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The Lost God of Jesus IV


Within 300 years of his death and resurrection – upon which the Christian world had founded its faith, Jesus and the God of grace, peace and nonviolence which he represented, were betrayed afresh. Once more, The Compassionate One became engulfed by the violent concepts of the god we see in the Old Testament. As a result, Jesus was rejected by a Christianity which claimed to represent him. Not only so, but as can be seen clearly from history, even down to more recent times, people began to view this god as one who required bloodshed – even human sacrifice, in order to stay the hand of his terror and judgement.

Growing from the mustard seed, sociologists estimate that by the end of the first century, there were less than ten thousand Christians in the Roman Empire. We know from the letters of the Apostle Paul that most churches in his day still met in homes (Romans 16 for example – c AD 57). By the year 200, the number appears to have increased to a little more than two hundred thousand – still well under one per cent of the total population. However, two generations later, by the year 300, Christians are said to have made up some 10 per cent of the population – approximately 6 million. Some estimate that by AD 350, there were as many as 34 million Christians in the known world! Continue Reading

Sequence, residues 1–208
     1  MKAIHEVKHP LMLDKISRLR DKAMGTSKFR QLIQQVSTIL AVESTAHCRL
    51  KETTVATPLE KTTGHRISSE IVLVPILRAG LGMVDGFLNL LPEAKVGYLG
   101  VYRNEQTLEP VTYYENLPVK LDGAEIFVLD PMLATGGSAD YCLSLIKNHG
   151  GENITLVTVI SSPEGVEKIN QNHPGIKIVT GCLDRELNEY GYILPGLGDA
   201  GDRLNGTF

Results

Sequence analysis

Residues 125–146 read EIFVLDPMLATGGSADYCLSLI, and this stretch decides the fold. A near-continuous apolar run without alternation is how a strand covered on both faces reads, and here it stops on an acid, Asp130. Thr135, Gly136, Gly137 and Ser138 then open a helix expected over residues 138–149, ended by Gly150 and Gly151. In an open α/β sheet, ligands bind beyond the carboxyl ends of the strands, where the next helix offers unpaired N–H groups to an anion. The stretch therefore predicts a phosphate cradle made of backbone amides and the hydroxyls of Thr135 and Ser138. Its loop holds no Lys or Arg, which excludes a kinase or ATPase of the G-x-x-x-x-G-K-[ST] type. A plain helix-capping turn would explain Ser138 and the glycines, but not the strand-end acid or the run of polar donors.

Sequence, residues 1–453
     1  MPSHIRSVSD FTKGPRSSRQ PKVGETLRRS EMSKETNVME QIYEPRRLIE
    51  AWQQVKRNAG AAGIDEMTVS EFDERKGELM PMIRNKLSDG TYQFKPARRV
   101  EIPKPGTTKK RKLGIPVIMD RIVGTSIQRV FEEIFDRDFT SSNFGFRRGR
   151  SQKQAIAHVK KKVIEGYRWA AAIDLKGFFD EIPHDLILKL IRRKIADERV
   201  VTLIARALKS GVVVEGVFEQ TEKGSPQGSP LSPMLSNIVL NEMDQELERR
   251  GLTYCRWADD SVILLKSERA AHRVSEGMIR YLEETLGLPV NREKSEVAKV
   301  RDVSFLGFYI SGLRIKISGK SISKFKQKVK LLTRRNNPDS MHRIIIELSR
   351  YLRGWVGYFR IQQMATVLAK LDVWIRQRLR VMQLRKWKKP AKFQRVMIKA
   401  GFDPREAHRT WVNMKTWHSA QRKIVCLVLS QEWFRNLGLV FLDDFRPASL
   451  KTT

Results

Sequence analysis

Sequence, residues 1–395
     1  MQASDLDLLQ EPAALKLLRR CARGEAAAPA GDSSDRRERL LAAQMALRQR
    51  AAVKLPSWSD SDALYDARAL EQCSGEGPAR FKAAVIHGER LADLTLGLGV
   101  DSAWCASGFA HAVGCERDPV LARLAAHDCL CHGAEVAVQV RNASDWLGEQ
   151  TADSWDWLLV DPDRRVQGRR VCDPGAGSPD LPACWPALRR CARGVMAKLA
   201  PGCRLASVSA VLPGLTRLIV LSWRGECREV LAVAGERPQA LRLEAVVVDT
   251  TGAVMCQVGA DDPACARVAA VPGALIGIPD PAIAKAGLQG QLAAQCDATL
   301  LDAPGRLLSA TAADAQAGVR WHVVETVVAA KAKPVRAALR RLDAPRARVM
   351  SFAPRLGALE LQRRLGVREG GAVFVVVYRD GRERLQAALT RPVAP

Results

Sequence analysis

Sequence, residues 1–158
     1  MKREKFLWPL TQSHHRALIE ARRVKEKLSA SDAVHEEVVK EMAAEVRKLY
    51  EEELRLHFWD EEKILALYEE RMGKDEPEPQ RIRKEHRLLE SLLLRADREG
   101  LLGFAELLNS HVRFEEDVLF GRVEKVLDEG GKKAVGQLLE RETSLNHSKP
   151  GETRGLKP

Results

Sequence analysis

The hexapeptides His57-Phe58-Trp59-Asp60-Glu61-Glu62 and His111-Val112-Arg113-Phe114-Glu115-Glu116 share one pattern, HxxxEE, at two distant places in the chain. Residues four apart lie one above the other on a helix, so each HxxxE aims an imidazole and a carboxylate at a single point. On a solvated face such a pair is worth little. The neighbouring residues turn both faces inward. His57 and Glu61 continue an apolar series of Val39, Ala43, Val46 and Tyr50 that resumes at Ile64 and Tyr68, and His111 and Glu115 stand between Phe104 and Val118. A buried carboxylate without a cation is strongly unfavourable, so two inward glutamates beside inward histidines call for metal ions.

The Lost God of Jesus III


And so, into this world of strife and violence, socially and religiously, came the child who would be King. But this would be no ordinary King and no ordinary Kingdom. That he totally failed to meet the expectations of the people as their ‘Messiah’ is self-evident from the Gospels. He disappointed on almost all counts – he still does for so many, even those who take the name ‘Christian’.

As you read the New Testament you would be forgiven for thinking that this peace-loving and peace-preaching Jesus, who teaches us to love our enemies, turn the other cheek and not resist an evil person, is the exact opposite of the sometimes violent, vindictive and cruel god portrayed in the Old Testament. And you would be right. Indeed when his disciples attempted to follow the example of the Old Testament god – Jesus rebuked them (Luke 9:55-56)! I know that his further statement recorded here – ‘You do not know what manner of spirit you are of ..’ (KJV) is disputed and is not to be found in many other translations including the J.B. Phillips New Testament, the New International Version, the New Living Translation and the Tree of Life Version among others, but, never the less, all record that he rebuked them for wanting to call down fire from heaven to consume their opponents as had Elijah and indeed the god of Israel did when he destroyed Sodom and Gomorrah. This is not a contradiction we can easily gloss over – no matter how much we would wish to do so. Jesus is clearly not representative of a god who would destroy his enemies in such a way. Continue Reading